Saturday, July 18, 2009

Uncle Walter- A Remembrance

Stop me if you’ve heard this before.

I remember a time where hard news meant real news, and Uncle Walter shepherded that brief moment of time. And it occurred to me last night what the age of Cronkite actually taught me.

He taught me at least two things.

The first thing he taught me was that if integrity was to last, you needed to work at it. He worked at it every night. His newspaper underpinnings made it possible for him to be concise and authoritative. His deliveries were straightforward without a need for glitz or self aggrandizement. Looking back, I realize now how his presentation never deterred from the message. You got the message clearly, succinctly, and even if you didn’t like the message, you stayed to watch anyway because you believed him.
I was talking to my wife, Naomi, about him this morning, and I couldn’t help but think of a very odd analogy. In my opinion, I think people want to believe in a god who is always benevolent, never judging, and will always protect you from harm. In other words, this is the god we want and not the God we need. We need a God who does judge but is also benevolent. We need a God who allows us to be in harm’s way but who will also save us. When I look at news consumption today, I see a public that receives news as it pleases. We can arbitrarily decide what the necessary information for the day is, and we can discard those things we deem unimportant. We want news the way we want it to be and not always what we need it to be. I believe Cronkite personified the news that we needed. Whether it was bringing Vietnam into our living rooms or drawing the proper conclusions concerning Watergate, Uncle Walter gave it to us whether we wanted it or not. To me, that’s integrity; the ability to report what needs reporting, politics be damned.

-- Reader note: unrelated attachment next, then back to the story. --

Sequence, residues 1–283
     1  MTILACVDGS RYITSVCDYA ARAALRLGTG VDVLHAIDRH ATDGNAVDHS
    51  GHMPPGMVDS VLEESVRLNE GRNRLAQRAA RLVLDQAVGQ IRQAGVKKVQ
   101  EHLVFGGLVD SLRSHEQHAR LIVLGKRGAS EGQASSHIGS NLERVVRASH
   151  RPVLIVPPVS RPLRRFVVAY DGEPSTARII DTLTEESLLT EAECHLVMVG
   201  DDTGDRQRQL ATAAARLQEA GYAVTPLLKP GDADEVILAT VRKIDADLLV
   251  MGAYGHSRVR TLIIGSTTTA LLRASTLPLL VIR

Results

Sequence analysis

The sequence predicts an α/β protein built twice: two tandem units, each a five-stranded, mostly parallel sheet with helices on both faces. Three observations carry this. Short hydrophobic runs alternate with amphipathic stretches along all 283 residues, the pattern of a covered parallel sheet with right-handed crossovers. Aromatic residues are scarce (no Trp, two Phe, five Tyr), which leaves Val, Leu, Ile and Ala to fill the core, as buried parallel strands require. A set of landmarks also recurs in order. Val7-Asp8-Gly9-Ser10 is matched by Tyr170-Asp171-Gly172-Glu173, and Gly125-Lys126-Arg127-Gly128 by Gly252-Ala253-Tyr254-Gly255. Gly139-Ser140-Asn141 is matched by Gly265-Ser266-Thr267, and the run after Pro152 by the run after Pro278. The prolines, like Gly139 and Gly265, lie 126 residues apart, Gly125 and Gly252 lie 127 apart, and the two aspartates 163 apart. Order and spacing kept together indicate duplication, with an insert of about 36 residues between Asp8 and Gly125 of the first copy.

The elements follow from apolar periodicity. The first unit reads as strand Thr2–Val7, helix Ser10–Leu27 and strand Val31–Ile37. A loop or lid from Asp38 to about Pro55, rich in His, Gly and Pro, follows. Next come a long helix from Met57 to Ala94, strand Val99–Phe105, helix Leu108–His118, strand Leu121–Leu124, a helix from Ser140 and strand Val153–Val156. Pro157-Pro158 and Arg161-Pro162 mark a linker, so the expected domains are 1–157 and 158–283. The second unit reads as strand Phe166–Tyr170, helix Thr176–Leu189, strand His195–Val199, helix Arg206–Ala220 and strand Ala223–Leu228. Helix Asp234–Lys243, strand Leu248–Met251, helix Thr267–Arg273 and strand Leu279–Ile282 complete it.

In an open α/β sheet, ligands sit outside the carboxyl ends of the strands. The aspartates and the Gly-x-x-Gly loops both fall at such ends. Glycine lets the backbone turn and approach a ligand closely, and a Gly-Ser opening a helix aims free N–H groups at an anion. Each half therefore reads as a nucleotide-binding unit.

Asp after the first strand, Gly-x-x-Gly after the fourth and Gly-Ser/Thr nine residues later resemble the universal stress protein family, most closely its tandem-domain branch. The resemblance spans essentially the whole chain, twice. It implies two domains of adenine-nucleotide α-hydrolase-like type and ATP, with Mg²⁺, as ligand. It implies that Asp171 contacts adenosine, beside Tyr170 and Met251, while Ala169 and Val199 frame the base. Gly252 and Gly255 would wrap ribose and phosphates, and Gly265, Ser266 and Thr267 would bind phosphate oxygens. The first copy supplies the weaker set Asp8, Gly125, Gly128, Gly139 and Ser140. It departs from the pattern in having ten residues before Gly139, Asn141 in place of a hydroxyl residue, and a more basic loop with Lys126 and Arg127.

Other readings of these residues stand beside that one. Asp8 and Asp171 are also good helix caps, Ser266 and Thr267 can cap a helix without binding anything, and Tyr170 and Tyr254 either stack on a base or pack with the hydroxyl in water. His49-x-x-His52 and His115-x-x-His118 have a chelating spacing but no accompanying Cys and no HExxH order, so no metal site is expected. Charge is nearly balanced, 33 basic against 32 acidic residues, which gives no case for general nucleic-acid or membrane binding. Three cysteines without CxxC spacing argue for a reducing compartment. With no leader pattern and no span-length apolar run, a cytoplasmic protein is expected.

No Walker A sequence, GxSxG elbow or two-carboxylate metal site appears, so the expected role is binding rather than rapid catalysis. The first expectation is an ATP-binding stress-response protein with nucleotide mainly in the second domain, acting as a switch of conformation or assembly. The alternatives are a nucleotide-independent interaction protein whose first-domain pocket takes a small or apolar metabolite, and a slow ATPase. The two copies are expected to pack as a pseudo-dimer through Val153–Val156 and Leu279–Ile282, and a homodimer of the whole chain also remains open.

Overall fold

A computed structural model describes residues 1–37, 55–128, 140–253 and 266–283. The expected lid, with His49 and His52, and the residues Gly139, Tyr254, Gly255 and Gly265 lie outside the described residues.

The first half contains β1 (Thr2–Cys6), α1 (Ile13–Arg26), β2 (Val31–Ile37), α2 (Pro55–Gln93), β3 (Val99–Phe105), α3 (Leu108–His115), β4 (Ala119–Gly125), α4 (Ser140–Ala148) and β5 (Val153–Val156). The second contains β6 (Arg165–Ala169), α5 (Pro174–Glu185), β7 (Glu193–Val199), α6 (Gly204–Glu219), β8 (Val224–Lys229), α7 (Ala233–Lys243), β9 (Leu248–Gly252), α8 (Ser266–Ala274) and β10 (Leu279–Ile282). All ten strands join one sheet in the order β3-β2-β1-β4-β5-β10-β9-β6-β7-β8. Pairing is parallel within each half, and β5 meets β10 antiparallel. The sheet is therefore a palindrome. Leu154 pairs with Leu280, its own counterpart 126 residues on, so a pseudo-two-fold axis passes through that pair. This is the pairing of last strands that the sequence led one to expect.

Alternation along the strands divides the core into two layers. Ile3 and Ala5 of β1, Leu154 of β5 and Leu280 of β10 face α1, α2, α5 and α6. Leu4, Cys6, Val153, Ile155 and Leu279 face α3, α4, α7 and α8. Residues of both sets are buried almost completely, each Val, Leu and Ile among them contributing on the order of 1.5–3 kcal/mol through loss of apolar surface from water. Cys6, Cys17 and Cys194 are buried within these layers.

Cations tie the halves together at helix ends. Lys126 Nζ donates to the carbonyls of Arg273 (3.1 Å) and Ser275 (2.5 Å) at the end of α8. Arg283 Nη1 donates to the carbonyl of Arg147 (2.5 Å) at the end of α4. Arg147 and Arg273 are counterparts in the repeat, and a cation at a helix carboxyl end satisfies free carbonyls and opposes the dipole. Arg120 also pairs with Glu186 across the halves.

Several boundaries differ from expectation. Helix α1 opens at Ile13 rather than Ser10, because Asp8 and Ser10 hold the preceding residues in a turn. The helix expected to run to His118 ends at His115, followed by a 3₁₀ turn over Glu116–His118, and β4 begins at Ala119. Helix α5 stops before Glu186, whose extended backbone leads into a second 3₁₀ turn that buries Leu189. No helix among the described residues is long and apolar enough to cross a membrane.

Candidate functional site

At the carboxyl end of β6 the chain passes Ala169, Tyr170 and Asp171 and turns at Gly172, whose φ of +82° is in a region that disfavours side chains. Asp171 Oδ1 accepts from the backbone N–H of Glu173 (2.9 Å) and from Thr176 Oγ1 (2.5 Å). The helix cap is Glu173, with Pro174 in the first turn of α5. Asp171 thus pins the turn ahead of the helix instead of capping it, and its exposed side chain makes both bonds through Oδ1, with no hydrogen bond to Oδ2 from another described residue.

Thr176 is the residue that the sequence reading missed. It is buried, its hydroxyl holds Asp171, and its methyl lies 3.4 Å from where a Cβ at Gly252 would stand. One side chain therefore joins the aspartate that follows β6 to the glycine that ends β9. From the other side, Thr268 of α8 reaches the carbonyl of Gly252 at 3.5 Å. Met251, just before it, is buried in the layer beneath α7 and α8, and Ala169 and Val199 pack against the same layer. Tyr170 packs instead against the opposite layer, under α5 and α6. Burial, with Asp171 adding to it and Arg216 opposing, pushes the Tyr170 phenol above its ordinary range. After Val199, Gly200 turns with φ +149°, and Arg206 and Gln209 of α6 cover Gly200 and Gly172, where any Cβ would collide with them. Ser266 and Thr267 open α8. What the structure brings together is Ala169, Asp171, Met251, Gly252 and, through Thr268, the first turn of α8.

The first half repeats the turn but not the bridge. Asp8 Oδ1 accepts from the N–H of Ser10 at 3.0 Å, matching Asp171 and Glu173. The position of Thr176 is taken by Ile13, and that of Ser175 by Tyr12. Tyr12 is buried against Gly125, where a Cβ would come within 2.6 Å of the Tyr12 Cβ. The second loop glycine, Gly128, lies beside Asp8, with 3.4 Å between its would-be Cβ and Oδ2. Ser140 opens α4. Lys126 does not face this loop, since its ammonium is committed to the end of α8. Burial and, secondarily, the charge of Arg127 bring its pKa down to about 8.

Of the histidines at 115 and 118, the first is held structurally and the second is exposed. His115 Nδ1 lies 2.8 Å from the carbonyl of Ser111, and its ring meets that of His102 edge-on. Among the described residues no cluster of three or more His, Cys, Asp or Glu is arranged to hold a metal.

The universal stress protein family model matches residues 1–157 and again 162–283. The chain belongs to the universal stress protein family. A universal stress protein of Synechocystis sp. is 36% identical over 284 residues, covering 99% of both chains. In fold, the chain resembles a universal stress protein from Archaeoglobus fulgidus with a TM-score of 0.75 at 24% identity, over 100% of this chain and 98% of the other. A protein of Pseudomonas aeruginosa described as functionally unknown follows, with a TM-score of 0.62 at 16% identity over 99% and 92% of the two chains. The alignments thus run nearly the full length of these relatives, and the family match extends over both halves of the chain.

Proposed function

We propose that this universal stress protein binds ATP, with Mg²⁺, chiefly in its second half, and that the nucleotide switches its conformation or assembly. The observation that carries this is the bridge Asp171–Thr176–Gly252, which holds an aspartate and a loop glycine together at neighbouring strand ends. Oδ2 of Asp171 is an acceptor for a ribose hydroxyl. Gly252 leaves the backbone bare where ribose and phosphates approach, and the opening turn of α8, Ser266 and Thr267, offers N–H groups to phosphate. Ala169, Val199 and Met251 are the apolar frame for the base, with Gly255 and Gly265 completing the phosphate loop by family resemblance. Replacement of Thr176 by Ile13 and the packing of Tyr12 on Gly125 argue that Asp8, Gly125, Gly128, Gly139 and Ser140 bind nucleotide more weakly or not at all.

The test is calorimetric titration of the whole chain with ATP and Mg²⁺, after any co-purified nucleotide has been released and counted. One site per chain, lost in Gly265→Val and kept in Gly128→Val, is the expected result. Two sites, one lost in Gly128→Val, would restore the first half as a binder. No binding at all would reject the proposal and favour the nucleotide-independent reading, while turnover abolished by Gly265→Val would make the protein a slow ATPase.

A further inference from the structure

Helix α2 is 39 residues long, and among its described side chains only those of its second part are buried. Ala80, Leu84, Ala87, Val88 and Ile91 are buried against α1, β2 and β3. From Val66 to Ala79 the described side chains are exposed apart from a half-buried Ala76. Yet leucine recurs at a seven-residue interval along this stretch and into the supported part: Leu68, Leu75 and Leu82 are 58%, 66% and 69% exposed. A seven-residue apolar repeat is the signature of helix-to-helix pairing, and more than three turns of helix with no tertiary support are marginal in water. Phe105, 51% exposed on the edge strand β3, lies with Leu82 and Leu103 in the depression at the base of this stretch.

The second thing he taught me was how much concentrated power resides in an anchor chair. If you think about it, what is news is decided by a relatively small group of people. Someone has to make the decision that this ‘something’ is news. Though the temptation is there for me to jump into the ‘liberal’ versus ‘conservative’ news slant argument, I will resist. But I will say that ever since Nixon started attacking the media for its investigations into his shenanigans, the media, rightly or wrongly, has lost a lot of its bite. And that makes me sad.

But back to my point. The handful of people who decide the news is very powerful, and we give them that power by deciding what channel works for us. Broadcasters know this, and to keep you tuned, they give you what you want with the slant you prefer. To me, that’s an impressive amount of power residing in the minds of just a few. Is it right or wrong? I have no idea. What matters is that we ‘know’ it is the way things are. And that we know that the full story is never told whether you are watching Fox or watching MSNBC.

Cronkite taught me about a responsible use of that concentrated power. His news sensibilities, I feel, were unmatched. And even with all that power, Cronkite sought out the news that was actually news, politics still be damned.

I miss Cronkite. I try to watch network news, but it’s difficult to extrude the actual news through the lenses of infotainment. With the explosion of political pundits passing their opinions off as news, it’s even harder to find truth in any news story.

I’m glad I am part of that generation that grew up with Uncle Walter. He was truly a blessing to those of us who tuned in every weeknight at 6:30.

Whether we wanted the news he gave us or not, we always received.

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